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Tucson elections to go ahead in 2021, Az Supreme Court rules

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Tucson elections to go ahead in 2021, Az Supreme Court rules

  • Tucson City Hall
    Bill Morrow/FlickrTucson City Hall

The Arizona State Supreme Court ruled Wednesday that Tucson will have an election after all this year, shutting down a challenge that would have forced the city to move to even-year elections under a state law.

The City Charter's requirement to hold elections in odd-numbered years holds sway, the justices ruled in a 5-1 decision, meaning that the election for three seats on the City Council will continue to go ahead in 2021.

"Whether to align municipal elections with state and national elections or hold them in different years is purely a matter of municipal interest and not a statewide concern," Vice Chief Justice Ann A. Scott Timmer wrote.

Mayor Regina Romero said she was "pleased" by the decision. “I hope that this ruling finally puts the issue to rest, and that our state legislators can return their focus to the pressing issues facing Arizonans instead of meddling with our local elections."

A recent state law, passed by Republicans in the Legislature in yet another attempt to force Tucson to change city elections, requires political subdivisions to move elections to coincide with statewide and federal contests if voter turnout in local-only election is 25 percent lower than the most recent turnout in an election for governor.

Lawmakers claimed that the law, passed in 2018 response to a state high court decision that overruled a 2014 attempt to more directly order Tucson and other charter cities to realign election dates, would increase voter turnout, and was thus a "matter of statewide concern."

"Phoenix state legislators have once again failed to override the will of Tucsonans in disrupting our local elections," Romero said. "Tucsonans have repeatedly affirmed that our local elections belong on odd years, which allows for city-focused campaigns and robust public discourse on local issues that would otherwise be overshadowed by federal and state elections on even years."

The justices found that the "home rule" provision of the Arizona Constitution grants cities with charters, such as Tucson, the ability to set their own election dates regardless of state law.

The city's "autonomy in structuring its government" falls under that right of home rule, Timmer wrote.

City Attorney Mike Rankin called the ruling a "satisfying result."

"Hopefully we're not litigating elections cases every five years" with the "strong language" of the decision backing the city's stance that it has the right to structure voting under the Charter, he said.

The case resolves a second attempt in the past decade by the state to change the timing of Tucson elections. In 2014, the Arizona Court of Appeals ruled that state law could not directly force even-year elections in the city, so the Legislature tried to approach the issue more obliquely, with the turnout threshold as a basis for a "statewide interest" claim.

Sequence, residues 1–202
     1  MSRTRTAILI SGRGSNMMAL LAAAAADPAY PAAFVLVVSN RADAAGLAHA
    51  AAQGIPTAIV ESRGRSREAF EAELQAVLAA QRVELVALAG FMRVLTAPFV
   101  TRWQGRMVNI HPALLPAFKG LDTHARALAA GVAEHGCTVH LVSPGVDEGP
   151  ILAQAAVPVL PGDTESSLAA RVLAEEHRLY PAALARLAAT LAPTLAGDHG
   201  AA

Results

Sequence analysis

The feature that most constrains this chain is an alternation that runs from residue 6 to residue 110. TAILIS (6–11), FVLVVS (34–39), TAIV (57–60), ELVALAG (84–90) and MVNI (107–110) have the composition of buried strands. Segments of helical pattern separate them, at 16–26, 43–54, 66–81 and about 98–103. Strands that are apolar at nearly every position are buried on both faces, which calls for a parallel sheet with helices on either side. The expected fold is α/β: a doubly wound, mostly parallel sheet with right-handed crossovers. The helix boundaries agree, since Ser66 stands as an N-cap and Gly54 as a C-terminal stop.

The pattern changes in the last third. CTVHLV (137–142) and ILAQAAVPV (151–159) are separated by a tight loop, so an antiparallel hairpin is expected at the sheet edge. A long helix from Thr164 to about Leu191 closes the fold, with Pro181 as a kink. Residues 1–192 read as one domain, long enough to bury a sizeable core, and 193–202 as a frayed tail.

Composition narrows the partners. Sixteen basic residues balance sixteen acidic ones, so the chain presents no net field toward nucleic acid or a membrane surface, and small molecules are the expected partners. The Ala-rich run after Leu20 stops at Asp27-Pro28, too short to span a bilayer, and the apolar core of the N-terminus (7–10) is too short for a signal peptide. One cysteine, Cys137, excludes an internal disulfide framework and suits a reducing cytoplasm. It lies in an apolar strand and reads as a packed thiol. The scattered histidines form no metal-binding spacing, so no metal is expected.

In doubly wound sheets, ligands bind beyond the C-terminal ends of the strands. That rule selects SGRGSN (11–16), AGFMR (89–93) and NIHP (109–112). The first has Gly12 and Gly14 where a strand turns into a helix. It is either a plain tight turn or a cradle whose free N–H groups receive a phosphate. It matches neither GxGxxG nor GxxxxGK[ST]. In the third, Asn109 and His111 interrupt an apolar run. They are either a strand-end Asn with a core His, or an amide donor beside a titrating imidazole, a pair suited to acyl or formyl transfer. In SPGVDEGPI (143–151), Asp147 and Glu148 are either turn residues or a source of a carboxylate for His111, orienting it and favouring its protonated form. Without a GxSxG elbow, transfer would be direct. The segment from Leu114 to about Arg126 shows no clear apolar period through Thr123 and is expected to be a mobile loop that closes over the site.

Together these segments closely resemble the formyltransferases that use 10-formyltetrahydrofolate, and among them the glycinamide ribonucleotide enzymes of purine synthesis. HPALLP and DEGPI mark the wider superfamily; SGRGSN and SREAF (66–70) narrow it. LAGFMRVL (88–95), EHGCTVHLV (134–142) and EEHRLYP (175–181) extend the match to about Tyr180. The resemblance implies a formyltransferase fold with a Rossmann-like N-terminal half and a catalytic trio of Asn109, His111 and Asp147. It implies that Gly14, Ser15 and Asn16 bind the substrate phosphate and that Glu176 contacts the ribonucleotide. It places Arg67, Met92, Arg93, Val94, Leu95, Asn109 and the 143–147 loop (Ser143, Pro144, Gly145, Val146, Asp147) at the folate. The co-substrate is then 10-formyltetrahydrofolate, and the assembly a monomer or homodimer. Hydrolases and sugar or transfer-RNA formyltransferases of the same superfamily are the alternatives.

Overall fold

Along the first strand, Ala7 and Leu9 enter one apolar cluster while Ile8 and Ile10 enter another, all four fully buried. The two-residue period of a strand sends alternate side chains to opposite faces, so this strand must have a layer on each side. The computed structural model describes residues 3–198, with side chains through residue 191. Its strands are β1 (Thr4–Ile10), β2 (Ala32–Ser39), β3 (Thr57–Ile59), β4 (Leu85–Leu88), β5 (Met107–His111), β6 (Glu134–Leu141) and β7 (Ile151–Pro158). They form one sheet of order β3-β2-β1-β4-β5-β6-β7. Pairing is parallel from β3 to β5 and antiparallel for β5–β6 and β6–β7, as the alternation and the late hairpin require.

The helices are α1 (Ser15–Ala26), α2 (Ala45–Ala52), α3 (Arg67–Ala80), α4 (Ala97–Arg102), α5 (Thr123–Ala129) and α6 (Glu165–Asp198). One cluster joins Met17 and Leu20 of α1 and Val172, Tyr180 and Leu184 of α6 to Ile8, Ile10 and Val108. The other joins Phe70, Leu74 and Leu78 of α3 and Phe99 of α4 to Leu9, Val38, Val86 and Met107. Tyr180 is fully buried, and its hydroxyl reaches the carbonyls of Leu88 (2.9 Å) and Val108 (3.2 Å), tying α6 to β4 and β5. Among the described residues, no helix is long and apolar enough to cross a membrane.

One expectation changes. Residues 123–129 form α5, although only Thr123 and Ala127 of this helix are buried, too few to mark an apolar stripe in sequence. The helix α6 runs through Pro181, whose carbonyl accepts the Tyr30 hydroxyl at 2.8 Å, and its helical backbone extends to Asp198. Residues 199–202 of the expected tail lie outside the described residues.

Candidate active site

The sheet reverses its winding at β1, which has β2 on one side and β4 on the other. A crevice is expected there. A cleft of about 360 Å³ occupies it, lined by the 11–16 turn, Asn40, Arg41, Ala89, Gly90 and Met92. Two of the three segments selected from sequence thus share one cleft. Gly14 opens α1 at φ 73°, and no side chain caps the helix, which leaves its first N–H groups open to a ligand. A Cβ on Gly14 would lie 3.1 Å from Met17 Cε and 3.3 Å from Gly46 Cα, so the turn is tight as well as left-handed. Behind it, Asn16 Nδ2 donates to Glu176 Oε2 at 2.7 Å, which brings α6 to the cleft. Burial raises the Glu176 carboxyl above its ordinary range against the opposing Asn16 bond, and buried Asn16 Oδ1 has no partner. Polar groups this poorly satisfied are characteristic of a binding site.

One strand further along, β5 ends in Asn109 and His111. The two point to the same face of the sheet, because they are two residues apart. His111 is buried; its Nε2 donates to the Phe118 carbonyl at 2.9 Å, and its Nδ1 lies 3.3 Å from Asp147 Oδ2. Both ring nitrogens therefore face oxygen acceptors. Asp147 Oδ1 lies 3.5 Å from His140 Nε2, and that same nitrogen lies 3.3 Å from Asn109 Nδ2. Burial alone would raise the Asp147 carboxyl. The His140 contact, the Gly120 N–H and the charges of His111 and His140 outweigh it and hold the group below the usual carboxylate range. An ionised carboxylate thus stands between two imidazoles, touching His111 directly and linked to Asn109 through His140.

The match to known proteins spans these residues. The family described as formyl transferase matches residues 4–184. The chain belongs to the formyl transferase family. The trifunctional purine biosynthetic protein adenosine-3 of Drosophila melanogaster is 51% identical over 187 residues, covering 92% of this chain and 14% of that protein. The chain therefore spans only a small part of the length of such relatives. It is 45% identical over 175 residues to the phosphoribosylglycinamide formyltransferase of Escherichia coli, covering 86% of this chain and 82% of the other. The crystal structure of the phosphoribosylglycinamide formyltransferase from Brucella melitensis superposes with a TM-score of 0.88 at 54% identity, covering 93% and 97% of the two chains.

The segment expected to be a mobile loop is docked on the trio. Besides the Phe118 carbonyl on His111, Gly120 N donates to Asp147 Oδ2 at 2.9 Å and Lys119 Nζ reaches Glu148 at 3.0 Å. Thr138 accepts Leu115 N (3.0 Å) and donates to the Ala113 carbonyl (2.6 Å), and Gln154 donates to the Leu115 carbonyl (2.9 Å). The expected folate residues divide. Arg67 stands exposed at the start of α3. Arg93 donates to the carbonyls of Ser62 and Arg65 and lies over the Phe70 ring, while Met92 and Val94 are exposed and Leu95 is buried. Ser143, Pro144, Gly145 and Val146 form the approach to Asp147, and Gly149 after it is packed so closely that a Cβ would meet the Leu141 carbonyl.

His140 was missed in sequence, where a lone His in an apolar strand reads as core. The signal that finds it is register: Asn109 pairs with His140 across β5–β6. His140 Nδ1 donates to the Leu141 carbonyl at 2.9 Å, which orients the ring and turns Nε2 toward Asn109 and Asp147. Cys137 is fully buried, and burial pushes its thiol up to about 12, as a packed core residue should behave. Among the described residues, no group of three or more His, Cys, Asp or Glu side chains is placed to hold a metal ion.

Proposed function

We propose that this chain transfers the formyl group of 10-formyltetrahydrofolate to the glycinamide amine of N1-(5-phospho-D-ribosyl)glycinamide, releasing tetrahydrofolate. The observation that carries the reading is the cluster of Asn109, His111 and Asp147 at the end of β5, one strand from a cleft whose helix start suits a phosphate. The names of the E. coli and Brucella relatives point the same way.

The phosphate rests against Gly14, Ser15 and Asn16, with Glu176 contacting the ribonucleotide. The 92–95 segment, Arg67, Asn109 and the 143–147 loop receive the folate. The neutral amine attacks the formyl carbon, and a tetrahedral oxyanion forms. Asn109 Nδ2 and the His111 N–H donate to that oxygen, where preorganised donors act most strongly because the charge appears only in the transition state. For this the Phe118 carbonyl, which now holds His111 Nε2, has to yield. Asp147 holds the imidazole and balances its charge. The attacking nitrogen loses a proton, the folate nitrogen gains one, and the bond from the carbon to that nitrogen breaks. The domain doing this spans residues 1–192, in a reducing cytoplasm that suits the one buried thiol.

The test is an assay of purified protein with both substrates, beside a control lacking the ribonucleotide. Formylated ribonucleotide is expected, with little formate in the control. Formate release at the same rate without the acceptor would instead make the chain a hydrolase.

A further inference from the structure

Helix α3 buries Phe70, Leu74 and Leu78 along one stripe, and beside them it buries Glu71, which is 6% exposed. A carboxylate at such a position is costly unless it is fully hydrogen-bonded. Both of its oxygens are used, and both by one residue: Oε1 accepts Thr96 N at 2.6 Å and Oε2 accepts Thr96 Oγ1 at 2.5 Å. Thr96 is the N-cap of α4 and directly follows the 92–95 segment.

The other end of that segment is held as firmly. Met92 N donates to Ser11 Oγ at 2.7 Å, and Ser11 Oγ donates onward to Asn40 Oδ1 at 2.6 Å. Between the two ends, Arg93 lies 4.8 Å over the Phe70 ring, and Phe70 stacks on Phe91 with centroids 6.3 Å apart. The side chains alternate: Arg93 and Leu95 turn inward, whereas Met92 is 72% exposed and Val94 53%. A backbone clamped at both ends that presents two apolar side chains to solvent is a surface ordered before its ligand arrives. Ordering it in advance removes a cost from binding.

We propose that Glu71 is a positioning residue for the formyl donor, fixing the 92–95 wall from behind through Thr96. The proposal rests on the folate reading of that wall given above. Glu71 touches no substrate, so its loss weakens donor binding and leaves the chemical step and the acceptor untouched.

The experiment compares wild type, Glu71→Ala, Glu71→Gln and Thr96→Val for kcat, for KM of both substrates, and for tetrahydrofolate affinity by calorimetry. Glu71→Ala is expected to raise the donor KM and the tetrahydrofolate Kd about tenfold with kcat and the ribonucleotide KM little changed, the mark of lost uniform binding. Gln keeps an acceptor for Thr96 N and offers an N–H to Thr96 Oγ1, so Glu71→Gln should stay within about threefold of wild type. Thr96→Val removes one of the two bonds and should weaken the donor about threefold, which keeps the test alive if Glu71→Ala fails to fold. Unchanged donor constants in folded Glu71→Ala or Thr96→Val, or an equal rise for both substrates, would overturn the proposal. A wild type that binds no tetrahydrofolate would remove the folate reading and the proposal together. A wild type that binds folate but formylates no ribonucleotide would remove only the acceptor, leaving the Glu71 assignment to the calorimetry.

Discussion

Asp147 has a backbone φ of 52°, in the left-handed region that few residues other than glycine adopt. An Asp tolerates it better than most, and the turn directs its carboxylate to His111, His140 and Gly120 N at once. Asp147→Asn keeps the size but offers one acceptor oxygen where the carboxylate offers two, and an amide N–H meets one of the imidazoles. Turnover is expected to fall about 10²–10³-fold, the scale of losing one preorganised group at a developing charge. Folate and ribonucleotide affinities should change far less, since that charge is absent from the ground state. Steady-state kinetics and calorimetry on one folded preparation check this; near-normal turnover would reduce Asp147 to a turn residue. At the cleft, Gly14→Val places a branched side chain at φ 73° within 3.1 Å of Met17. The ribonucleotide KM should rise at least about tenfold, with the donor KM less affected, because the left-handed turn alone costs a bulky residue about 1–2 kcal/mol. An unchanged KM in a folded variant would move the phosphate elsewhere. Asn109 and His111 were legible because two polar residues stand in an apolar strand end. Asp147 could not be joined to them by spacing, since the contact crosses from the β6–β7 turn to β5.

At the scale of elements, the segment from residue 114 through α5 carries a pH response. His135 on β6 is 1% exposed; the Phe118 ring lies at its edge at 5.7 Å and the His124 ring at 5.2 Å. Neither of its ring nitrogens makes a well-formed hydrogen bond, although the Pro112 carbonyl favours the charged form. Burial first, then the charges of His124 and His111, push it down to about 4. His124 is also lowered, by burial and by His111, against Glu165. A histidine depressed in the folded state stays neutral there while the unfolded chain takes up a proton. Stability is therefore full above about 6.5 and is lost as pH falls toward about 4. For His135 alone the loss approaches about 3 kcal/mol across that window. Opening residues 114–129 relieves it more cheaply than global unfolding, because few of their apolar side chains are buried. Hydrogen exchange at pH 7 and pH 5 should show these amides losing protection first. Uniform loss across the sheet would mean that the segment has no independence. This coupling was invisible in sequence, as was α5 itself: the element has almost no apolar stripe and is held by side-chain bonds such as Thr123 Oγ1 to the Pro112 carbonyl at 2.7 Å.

In the ruling issued Wednesday, the Supreme Court denied a challenge to Tucson's election calendar brought by state Attorney General Mark Brnovich, but held that the state law is valid for local governments that do not operate under their own independent charters.

The court ordered Brnovich's office to pay the city's attorney fees, which Rankin said would reach into six figures.

Chief Justice Robert Brutinel and Justices John Lopez, James Beene, and William Montgomery joined the opinion. Justice Clint Bolick dissented.

Rankin said that "it's important that legislators start to understand that 1487 (a state law that allows members of the Legislature to prompt the attorney general to challenge state laws) isn't a free ride for them to go after cities."

The city attorney noted that Tucson "put the question in front of the electorate" about changing the Charter to move elections to even years.

"It failed," he said. "We protected the will of the voters that was just expressed" in going to court to keep elections in odd-numbered years.

"It's not like this was just something that dates back to 1929; we put the question to our voters now," said Rankin, who thinks that the recent vote to keep the Charter as-is underscored the weight of the city's court case.

Wards 3, 5, 6 on ballot

Tucson staggers terms for the members of the City Council, with Wards 1, 2 and 4 having had elections in 2019 — along with the election of the mayor.

This year, Wards 3, 5 and 6 will see elections. No Republicans will be on the primary ballot for any of the seats.

Members of the Council are nominated by ward in August party primaries, and voted on citywide in the November general election.

Ward 3, in the Northwest Side and Midtown, is an open seat this year, with Councilman Paul Durham resigning for personal reasons and his interim replacement, former Councilwoman Karin Uhlich, pledging to not run in the fall.

On the Ward 3 Democratic primary ballot will be environmentalist Kevin Dahl, and Juan Padres, who in the last election unsuccessfully challenged Sharon Bronson, the chair of the Pima County Board of Supervisors.

Ward 3 also has an independent candidate seeking the seat: Lucy LiBosha. Republican Alan Harwell has filed to run as a write-in candidate.

In Ward 5, on the South Side, only incumbent Councilman Richard Fimbres will be on the ballot. No challengers filed in the race.

In Ward 6, Councilman Steve Kozachik has a pair of primary challengers: Miranda Schubert and Andres Portela.

Independent Val Romero is also running in that Midtown ward.

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